- Get ready for the day as if you are going to class, try not to stay in your PJs all day
- Set small goals for each day, keep yourself accountable and moving forward daily
- Organize your day around your class schedule, Fixed meetings provide structure
- Build in a time to exercise daily, working-out is a great outlet for stress
- Set regular study hours, block chunks of time to focus on project and assignments
- Take time for breaks, go for a walk, get outside, give yourself some downtime
- Set designated mealtimes, don’t mindlessly snack throughout the day
- Find time for self-care, mindfulness & meditation can help reduce stress & anxiety
- Make time to connect with friends & family, zoom, text, email, facetime, snapchat
- Maintain regular sleep cycles, go to sleep & wake at roughly the same time daily
Now that you have some tips and ideas about how to create a schedule and build routine into your day you can get started in creating what will work for you. To create your schedule and daily to do list you can use online scheduling tools and apps, a paper planner or even the most basic supplies will work, a blank page from your notebook. Sometimes keeping things simple is best.
As you shift to remote online learning and engage in physical distancing it is important to find ways to stay connected. We all need to find new ways to maintain and strengthen our connections and relationships with family, friends, classmates, faculty, co-workers and neighbors. It is a critical time to support one another through the challenges of uncertainty, fear and isolation. While we are physically distancing from one another we want to be sure that we do not emotionally distance ourselves from one another.
So what can you do to stay connected?
- Reach out to others daily through text, email, phone calls, or video chats
- Attend class, students & faculty are building community and connection online
- Check to see if the student orgs you participate in are hosting zoom meetings
- Set up a study group that meets regularly on zoom
- Plan a movie night with friends and watch/chat with Netflix Party
- Invite friends to a game night on zoom and play charades, Pictionary or trivia
- Host a hangout and just chat on zoom, google hangouts, Voxer, Houseparty, instagram, facebook, whatsApp or other social platform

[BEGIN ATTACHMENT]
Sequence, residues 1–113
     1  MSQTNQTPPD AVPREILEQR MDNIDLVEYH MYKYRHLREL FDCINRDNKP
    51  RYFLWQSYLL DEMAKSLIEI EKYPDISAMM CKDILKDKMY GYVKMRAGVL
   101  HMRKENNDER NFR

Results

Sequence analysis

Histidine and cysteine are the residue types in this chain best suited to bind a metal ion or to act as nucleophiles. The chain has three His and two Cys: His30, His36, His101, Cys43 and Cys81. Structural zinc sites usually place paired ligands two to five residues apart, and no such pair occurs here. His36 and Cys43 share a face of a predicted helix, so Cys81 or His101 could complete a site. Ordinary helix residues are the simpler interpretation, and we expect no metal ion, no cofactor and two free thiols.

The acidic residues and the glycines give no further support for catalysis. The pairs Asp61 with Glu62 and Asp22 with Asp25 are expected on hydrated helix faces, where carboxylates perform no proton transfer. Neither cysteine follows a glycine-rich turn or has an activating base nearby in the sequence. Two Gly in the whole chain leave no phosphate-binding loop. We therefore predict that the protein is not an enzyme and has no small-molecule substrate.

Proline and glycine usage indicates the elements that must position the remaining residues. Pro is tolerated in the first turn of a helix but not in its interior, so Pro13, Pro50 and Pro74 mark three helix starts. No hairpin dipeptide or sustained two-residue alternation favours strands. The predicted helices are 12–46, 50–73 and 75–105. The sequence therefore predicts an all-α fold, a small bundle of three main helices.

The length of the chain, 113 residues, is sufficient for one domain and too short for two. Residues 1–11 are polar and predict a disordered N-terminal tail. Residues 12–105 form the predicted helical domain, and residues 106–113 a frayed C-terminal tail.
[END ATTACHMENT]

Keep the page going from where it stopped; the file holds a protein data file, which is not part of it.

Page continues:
- Organize a meetup on your favorite gaming platform
We need connection more now than ever. Look for ways to connect, engage and build your community.
The theme of this year’s National Nutrition Month is Eat Right, Bite by Bite. This theme supports everyone in their journey, highlighting the idea that every little bite is a step in the right direction. Set small goals and make gradual changes to experience cumulative healthful effects.
There are two free options in Health Promotion and Wellness to help you take steps toward creating a healthier lifestyle. One option is the nutrition wellness service provided by peer educators. The other is through the nutrition clinic. Call 814-863-0461, or login to your MyUHS account, to schedule a free appointment with a peer educator or a registered dietitian.
Many studies are finding that spending time in nature improves your fundamental health and well-being. Evidence supports the idea that nature provides a calmness that can reduce your blood pressure, improve your mood and decrease your anxiety.
Whether you take a stroll in a nearby park or venture into the woods, not only do you get a chance to exercise and enjoy the scenery, you may simultaneously restore your mental fatigue and increase your self-esteem. Being in nature can inspire your creativity.
Have you attended a Wellness Wednesday yet? See what’s happening during March in 20 IM Building. Join HealthWorks students 4:00-4:45pm for an interactive activity to help you manage your stress.
March 4 – Worry Less, Wander More
March 18 – Create a mind map your path with meditation
March 25 – Share your music